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Gerard de VosCreated by Gerard de Vos
on 31-10-2008
Category: Faith related
Should a world wide financial crisis frighten a Christian?

It is interesting how the Bible shows itself accurate in every day life. For example, God warns: ‘Do not love the world or anything that is in the world.. The world and its desires pass away, but the man who does the will of God lives for ever’ (1 John 2:15-17). The last two months we witnessed that the world, and especially the financial one, can change very quickly. Therefore the words in Revelation 18:10 ‘In one hour your doom has come,’ do not seem that preposterous anymore. 

Doubtless, many Christians will be directly or indirectly affected by the present economic world-wide down turn. But there is an old adage: ‘when the going gets tough, the tough get going’; they carry on and persevere regardless of what happens. So we can say to believers in the Lord Jesus Christ: when the going gets tough, tough faith in God is still going strong. Sometimes faith fades a bit when the sun is shining, the birds are singing, and we are cruising contented on life’s river. Yet, when the storm clouds gather, and the sea becomes turbulent, we wake up to reality: our problems seem as insurmountable as the storm was for the disciples when Jesus was in the stern of the boat, asleep on a cushion (Mark 4:35-41). After rebuking the wind and waves, He reprimanded them for their lack of faith.

What is necessary to weather a storm?

  • Insight to call on the Lord for help. Though the disciples lacked the faith to still the storm, they knew the source of salvation - Jesus Christ.
  • Faith in God’s words. At that time, Jesus calmed the storm with His authoritative words (He is the Creator and Lord of nature).
  • We do not have the benefit of being in Christ’s presence, but we do have a veritable collection of God’s words at our disposal. God spoke his powerful words in various situations. In Psalm 9:9-10 we read: ‘The Lord is a refuge for the oppressed, a stronghold in times of trouble. Those who know your name will trust in you, for you Lord, have never forsaken those who seek you.’ We might be tempted, thinking that it is only the words that David wrote. He did write them down, but they were God’s words. In Acts 4:25 we read: ‘You spoke by the Holy Spirit through the mouth of your servant, our father David...’ - in this case it refers to Psalm 2. We can accept that God is giving us a principle: He is the ultimate Author of the Bible, not the human writers who wrote down His words. Why would men’s words be of value in times of danger? When we are guided by the Holy Spirit to a certain verse or verses, we can confidently declare those words of God, knowing that they have the power to help and change people, situations, or problems, and do whatever we have need of.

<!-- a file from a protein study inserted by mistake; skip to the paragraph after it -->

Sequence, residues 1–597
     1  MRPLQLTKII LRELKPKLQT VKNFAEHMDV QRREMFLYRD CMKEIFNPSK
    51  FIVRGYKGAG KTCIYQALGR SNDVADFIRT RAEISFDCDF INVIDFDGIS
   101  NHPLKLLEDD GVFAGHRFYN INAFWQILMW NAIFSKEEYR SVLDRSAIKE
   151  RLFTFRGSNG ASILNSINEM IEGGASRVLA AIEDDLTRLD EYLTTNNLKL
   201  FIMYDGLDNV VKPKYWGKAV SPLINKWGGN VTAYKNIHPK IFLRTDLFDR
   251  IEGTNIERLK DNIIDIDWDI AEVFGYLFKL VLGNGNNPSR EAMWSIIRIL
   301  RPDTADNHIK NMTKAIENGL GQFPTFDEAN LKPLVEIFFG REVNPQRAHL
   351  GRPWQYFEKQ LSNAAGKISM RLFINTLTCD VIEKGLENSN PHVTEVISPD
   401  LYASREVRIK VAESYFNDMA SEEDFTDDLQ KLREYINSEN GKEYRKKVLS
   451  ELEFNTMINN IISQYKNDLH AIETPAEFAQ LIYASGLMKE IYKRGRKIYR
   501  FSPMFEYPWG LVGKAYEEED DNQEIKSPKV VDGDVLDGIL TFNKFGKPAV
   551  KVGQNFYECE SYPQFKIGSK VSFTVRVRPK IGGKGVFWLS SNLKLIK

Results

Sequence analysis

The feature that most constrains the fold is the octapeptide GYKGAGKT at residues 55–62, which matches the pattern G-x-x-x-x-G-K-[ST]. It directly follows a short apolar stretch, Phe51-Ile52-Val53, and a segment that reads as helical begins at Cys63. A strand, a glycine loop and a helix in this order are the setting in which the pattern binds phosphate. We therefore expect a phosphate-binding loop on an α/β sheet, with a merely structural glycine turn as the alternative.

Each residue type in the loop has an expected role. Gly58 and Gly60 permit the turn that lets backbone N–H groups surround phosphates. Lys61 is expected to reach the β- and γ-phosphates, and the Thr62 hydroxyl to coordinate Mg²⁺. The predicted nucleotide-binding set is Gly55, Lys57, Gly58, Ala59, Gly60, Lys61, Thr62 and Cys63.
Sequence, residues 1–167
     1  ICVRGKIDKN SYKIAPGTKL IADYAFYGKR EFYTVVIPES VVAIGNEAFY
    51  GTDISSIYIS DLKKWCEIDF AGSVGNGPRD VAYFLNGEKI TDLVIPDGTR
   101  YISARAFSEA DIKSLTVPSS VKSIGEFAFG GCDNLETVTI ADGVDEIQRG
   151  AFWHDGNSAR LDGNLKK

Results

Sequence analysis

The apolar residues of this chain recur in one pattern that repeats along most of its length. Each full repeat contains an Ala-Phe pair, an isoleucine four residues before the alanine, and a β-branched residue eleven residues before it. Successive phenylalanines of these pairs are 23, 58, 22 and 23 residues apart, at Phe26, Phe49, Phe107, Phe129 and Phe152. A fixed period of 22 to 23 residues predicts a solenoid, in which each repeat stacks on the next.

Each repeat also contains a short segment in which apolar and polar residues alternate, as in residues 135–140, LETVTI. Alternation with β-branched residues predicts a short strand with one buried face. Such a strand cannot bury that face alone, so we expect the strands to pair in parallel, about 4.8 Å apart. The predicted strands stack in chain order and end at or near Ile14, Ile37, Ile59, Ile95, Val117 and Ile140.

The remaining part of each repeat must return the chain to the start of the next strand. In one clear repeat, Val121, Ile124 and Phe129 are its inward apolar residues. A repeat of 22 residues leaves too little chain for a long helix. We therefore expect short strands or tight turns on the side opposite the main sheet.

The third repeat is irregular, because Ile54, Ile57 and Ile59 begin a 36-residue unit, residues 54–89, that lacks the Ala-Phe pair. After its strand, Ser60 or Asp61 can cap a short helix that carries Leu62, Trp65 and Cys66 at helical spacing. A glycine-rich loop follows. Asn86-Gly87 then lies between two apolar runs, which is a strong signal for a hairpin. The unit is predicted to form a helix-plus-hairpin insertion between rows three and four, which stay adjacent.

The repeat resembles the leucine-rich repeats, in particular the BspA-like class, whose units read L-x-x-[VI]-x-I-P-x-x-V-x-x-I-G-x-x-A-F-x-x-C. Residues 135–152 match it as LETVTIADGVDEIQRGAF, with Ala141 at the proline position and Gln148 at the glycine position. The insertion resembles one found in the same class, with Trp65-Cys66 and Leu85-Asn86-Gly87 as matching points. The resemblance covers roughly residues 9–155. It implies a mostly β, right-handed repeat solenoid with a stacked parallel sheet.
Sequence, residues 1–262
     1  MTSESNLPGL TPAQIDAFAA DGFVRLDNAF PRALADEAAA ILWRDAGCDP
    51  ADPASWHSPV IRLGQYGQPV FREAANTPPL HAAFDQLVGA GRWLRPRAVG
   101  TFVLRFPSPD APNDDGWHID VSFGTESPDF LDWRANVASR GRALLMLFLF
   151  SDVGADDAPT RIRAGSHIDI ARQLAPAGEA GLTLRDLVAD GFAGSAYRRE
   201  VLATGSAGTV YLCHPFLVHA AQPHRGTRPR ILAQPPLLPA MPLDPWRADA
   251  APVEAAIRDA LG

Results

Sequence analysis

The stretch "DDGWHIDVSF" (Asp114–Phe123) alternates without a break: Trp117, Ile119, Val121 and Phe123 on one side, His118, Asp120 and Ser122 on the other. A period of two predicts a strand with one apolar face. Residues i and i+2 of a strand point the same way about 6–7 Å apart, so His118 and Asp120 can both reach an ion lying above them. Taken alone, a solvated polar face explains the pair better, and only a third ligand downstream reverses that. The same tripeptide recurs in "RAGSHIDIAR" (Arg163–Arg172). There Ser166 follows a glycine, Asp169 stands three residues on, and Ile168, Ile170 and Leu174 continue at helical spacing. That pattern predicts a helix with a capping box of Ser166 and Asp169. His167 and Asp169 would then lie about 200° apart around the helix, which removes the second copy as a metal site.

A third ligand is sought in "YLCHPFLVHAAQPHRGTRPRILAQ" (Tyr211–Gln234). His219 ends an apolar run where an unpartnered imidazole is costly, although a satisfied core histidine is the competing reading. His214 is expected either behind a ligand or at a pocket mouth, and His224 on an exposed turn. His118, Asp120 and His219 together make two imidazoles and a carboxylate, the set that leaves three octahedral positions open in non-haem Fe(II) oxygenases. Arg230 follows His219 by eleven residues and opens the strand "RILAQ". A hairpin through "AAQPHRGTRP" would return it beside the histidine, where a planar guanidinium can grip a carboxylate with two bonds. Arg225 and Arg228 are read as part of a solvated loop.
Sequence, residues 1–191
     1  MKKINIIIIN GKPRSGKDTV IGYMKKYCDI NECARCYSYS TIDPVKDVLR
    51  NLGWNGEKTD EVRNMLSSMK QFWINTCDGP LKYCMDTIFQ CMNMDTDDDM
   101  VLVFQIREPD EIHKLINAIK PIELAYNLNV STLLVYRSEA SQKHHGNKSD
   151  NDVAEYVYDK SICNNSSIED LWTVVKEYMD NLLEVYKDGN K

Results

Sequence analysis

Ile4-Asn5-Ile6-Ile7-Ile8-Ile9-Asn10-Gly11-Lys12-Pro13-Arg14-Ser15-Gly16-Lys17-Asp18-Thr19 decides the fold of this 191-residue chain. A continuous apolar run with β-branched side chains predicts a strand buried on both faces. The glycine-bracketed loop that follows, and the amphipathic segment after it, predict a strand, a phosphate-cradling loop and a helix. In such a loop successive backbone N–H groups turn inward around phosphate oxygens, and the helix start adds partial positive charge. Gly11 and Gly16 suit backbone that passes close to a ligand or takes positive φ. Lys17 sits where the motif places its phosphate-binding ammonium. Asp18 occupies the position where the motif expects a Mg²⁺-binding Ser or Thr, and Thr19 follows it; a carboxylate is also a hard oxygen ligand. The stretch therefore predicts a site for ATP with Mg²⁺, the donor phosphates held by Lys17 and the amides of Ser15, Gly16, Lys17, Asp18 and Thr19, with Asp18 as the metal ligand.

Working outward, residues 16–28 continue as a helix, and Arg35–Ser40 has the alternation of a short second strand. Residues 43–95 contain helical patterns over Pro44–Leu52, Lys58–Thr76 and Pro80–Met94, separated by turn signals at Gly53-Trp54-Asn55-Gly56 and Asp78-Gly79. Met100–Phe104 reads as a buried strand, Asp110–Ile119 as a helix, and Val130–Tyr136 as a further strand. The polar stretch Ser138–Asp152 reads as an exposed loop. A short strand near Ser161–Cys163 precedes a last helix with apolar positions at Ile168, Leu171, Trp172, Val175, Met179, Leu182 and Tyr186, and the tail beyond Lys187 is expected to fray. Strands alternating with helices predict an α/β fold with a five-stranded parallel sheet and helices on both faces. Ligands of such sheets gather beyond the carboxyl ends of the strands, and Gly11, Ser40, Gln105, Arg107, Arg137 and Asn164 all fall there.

We proclaim God’s powerful words, always reminding Him that He said: ‘As the rain and the snow come down from heaven, and do not return to it without watering the earth, and making it bud and flourish, so that it yields seed for the sower and bread for the eater, so is my word that goes out from my mouth; it will not return to me empty, but will accomplish what I desire and achieve the purpose for which I sent it’ (Isaiah 55:10-11). If God says that He is our Rock and Refuge, an ever present help in trouble (Psalm 46:1), and we declare it in faith (we know it is God Himself who uttered those words which remain for all eternity), then it will happen as the Bible states. God’s words can never fail.

Just as Jesus’ words were authoritative in the storm, so the word of God calms our storms, with the proviso: it must be His words (by that we mean from Scripture), and they must be spoken in faith. The sad tragedy for many is that they pray and plead, but it is not in faith (Hebrews 11:6).
Here are some examples of the words of God we can use: Jeremiah 17:7-8, ‘Blessed is the man who trusts in the Lord, whose confidence is in Him. He will be like a tree planted by the water that sends out its roots by the stream. It does not fear when heat comes; its leaves are always green. It has no worries in a year of drought and never fails to bear fruit.’ What does a year of drought signify? Is it not also financial pressures and problems? What is God’s powerful word advising us to do? Put our faith in Him for help. Faith is the pivot around which victory revolves. Faith comes only from reading (hearing) the Word of God (Romans 10:17). There is no other way: a closed Bible is not the way to faith, but to failure.

Conclusion: a global meltdown of the financial system might be God’s way of reminding us about His wisdom, power and provision for His children.



"But God chose the foolish things of the world to shame the wise; God chose the weak things of the world to shame the strong.” 1 Corinth 1:27